Did You Know? is a feature from the Center for State, Tribal, Local, and Territorial Support to inform your prevention activities. We invite you to read, share, and take action!
View the Current Did You Know?
- Public health threats in the US are always present, whether from disease outbreaks or natural disasters.
- Health departments must stand ready to handle many different types of emergencies that threaten the health and safety of families, communities, and the nation.
- CDC’s preparedness and response capability standards provide a vital framework for state, tribal, local, and territorial health departments to prepare for, respond to, and recover from public health emergencies.
- One in 9 US adults aged 45 years or older reported worsening or more frequent symptoms of confusion or memory loss in 2015–2016.
- Confusion or memory loss can be one of the first noticeable symptoms of Alzheimer’s disease.
- State and local public health agencies and their partners can use CDC’s new Road Map to learn about ways they can work together to lessen the impact of Alzheimer’s disease and other dementias.
- About 10 million adults with arthritis have symptoms of anxiety or depression.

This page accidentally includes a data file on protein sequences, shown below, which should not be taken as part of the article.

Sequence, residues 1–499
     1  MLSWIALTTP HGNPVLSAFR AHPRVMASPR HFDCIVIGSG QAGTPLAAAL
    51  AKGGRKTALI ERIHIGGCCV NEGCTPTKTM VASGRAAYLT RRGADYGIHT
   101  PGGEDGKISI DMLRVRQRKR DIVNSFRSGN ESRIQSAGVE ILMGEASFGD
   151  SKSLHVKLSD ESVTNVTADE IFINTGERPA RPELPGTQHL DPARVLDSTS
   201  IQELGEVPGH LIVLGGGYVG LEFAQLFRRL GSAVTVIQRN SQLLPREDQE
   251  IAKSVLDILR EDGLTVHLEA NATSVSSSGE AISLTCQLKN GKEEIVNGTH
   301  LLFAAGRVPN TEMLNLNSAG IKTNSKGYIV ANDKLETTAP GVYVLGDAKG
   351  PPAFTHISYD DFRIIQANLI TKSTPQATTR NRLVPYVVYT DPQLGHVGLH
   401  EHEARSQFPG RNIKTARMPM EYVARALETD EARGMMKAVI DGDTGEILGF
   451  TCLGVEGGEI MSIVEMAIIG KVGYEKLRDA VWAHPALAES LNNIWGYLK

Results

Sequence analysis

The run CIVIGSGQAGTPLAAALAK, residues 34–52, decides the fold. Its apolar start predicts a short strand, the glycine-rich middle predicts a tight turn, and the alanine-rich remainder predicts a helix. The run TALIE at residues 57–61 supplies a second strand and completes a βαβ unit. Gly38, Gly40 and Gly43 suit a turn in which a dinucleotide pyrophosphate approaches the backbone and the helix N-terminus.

- Chronic joint pain and mental health conditions such as anxiety and depression can influence each other, causing symptoms of either or both to worsen.
- Healthcare providers can screen arthritis patients for anxiety and depression, as well as encourage patients to take part in physical activity and self-management education programs.
- The number of people in the US with Alzheimer’s disease and related dementias is expected to nearly triple by 2060—from 5 million to 14 million.
- The prevalence of Alzheimer’s disease and related dementias is highest among minority populations, who are expected to have the highest population growth in the next few decades.
- Public health professionals and policy makers can explore and use customizable CDC data tools to prioritize and evaluate their public health interventions for cognitive decline.
Did You Know? information and web links are current as of their publication date. They may become outdated over time.